Citigroup agreed to revamp the contracts of a handful of traders and senior investment bankers, according to people familiar with the matter. But several Citigroup officials briefed on the company's dialogue with Mr. Feinberg's office said salaries and total compensation of the company's highest-paid employees aren't expected to shrink dramatically.
Partly as a result, some Citigroup officials on Wednesday dismissed as political posturing reports that Mr. Feinberg intended to slash pay packages by 50% or more. One executive described it as "a bit of a hoax."
Mr. Feinberg's four-month effort to corral pay is one of the most visible ways the government has become intertwined with the private sector since the crisis began.
"There's definitely never been anything like this where a government sets pay for a company that's publicly traded," said J.W. Verret, a corporate law expert at George Mason University School of Law.
Espen Eckbo, director of the Center for Corporate Governance at Dartmouth College's Tuck School of Business, said the changes to corporate governance could be even more significant.
Sen. Charles Schumer (D., N.Y.) plans to press for legislation extending Mr. Feinberg's governance changes to all publicly traded companies.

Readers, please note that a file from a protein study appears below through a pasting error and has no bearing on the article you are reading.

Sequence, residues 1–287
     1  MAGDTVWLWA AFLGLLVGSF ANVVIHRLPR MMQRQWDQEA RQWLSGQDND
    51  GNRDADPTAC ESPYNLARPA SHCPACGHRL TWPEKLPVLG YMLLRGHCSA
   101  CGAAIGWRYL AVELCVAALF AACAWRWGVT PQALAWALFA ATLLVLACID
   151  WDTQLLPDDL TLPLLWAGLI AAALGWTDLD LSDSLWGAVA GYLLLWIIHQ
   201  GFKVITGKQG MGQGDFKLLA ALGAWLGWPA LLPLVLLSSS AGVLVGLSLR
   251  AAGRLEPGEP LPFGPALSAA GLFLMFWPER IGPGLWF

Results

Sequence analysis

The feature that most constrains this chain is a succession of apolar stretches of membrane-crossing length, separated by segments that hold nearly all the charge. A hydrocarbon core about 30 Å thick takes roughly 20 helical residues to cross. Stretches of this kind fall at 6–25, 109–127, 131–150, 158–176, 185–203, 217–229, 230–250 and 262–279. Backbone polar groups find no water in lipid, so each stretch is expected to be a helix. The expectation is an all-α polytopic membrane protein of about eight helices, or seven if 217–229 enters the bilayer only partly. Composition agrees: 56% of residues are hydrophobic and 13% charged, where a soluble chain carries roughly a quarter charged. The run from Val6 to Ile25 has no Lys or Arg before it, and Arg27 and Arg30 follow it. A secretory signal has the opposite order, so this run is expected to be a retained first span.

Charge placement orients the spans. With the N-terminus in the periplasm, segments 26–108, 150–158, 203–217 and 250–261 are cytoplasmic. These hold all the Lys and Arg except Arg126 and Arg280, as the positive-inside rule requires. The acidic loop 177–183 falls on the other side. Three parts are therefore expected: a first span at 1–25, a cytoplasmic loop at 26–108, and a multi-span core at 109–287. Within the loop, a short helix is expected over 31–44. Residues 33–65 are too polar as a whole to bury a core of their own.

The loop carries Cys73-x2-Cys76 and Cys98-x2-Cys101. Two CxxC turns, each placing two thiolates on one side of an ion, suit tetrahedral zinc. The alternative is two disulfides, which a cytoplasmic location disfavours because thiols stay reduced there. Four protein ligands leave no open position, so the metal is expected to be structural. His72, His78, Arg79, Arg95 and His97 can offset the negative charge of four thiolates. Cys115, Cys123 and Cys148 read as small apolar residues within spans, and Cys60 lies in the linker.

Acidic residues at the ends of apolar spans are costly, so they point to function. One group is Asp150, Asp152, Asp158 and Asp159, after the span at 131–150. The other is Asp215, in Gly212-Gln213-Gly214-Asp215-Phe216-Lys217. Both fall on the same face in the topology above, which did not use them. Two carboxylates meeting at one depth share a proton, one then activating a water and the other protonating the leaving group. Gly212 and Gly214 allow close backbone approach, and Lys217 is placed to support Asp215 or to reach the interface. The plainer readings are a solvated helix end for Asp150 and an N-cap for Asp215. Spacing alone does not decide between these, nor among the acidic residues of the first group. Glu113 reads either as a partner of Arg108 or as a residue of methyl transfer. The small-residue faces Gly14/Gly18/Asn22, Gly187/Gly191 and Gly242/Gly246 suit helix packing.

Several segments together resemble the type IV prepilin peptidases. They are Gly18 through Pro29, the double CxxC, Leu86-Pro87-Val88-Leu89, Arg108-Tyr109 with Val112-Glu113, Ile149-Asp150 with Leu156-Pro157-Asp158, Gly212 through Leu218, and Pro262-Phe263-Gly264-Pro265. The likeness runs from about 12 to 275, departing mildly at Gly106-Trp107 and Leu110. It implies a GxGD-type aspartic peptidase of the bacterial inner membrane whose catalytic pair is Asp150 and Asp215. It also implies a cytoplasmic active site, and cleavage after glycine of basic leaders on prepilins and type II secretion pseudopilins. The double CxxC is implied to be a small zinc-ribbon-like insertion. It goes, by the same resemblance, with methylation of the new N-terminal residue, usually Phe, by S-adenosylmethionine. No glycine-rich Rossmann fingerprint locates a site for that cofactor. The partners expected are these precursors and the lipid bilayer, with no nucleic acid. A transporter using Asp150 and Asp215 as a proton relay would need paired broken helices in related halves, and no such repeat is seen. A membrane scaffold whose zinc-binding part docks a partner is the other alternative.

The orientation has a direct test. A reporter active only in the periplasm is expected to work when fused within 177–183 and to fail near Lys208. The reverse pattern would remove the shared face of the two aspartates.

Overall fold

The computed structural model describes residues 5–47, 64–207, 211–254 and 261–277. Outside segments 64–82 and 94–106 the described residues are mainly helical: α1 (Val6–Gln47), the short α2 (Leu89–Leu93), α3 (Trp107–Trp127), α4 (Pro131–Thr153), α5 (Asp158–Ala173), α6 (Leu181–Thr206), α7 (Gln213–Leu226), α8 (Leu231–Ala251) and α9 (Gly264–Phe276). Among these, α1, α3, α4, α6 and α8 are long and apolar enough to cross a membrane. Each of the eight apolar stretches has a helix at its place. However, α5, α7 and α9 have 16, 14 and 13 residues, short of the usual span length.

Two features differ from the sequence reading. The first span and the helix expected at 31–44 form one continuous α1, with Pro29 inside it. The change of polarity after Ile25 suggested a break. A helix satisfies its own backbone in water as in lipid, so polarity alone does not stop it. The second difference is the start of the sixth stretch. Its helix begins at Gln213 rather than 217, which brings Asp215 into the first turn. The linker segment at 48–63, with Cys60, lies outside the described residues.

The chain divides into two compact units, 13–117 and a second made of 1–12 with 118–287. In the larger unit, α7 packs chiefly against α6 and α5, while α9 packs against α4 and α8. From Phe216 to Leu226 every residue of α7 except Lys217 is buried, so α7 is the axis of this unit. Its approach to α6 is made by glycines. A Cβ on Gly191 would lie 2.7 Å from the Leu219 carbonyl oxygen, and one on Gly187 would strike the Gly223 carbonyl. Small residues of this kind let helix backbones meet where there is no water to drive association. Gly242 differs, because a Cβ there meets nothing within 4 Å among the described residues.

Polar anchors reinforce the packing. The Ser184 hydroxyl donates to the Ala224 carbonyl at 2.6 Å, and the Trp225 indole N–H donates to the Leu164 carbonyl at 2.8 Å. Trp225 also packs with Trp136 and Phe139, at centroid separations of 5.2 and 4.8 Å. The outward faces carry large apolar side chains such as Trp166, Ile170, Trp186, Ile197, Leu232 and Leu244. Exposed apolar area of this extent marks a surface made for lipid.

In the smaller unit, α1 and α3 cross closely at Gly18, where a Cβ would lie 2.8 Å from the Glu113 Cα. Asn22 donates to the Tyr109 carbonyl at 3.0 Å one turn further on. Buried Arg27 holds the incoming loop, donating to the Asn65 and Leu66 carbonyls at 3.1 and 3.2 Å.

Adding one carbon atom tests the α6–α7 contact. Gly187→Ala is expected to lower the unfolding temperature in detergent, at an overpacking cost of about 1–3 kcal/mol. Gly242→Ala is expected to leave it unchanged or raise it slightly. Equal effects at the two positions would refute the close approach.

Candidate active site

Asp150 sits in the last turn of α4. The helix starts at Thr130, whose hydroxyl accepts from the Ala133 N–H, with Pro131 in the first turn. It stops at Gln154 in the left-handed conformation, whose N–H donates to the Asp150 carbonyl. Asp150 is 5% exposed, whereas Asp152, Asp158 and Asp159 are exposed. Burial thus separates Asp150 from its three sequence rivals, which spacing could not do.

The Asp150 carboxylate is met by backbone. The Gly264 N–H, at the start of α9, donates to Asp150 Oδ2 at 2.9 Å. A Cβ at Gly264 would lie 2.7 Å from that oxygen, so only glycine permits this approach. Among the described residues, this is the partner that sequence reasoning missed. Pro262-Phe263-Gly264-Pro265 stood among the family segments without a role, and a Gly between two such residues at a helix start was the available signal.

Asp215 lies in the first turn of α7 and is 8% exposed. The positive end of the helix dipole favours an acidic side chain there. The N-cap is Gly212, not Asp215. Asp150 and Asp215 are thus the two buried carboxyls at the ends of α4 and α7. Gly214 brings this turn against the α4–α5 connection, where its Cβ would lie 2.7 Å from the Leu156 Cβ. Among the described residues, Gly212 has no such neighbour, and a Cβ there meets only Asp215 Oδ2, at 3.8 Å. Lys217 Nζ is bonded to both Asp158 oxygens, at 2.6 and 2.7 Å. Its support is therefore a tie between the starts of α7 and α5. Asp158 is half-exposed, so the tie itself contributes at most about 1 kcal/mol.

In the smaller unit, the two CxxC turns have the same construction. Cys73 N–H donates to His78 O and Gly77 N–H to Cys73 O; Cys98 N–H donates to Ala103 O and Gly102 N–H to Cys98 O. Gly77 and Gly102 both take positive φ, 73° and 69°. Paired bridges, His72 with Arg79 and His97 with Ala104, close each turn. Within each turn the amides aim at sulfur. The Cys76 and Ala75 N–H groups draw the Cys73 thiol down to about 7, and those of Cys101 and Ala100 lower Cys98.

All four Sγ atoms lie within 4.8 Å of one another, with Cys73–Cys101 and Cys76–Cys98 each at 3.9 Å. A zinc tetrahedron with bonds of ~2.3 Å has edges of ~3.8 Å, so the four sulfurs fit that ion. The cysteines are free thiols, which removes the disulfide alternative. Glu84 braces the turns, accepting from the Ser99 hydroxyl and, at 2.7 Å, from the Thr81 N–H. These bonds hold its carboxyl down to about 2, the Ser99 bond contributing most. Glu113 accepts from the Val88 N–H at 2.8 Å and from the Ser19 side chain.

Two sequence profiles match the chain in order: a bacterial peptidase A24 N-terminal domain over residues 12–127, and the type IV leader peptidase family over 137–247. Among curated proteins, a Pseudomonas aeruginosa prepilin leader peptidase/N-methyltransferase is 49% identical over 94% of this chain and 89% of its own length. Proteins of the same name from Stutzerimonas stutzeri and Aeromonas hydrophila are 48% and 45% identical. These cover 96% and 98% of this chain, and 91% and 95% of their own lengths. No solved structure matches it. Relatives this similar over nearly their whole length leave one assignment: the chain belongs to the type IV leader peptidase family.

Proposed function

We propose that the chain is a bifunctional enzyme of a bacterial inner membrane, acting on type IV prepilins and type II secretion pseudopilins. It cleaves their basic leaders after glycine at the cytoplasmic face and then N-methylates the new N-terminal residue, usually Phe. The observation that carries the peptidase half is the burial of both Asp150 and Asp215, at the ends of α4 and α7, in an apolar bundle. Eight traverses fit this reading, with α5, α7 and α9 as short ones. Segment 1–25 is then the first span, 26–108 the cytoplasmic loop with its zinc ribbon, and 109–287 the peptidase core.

Treasury officials decided to create a so-called pay czar after the furor over AIG paying bonuses in March. Edward Liddy, who was then CEO of AIG, told Treasury Secretary Timothy Geithner the company wouldn't make any payments without the Treasury Department's sign-off.
For several weeks, Mr. Geithner himself was making decisions such as whether a certain employee could collect a pension payment.
"It was definitely not a good use of his time," recalls one government official.
Since bringing Mr. Feinberg to the Treasury Department, the Obama administration has largely stayed out of his business, preferring instead to let him make the controversial calls unlikely to please many people.
Mr. Feinberg has met with Mr. Geithner just twice and hasn't spoken with White House officials at all.
The hands-off approach is part of a move by the administration to avoid making the hard decisions confronting Mr. Feinberg, and to stave off criticism for what he ultimately decides. That hasn't stopped Mr. Feinberg from invoking the potential for political backlash, including from the White House, in negotiations, company officials say.
óDavid Enrich and Joann S. Lublin contributed to this article.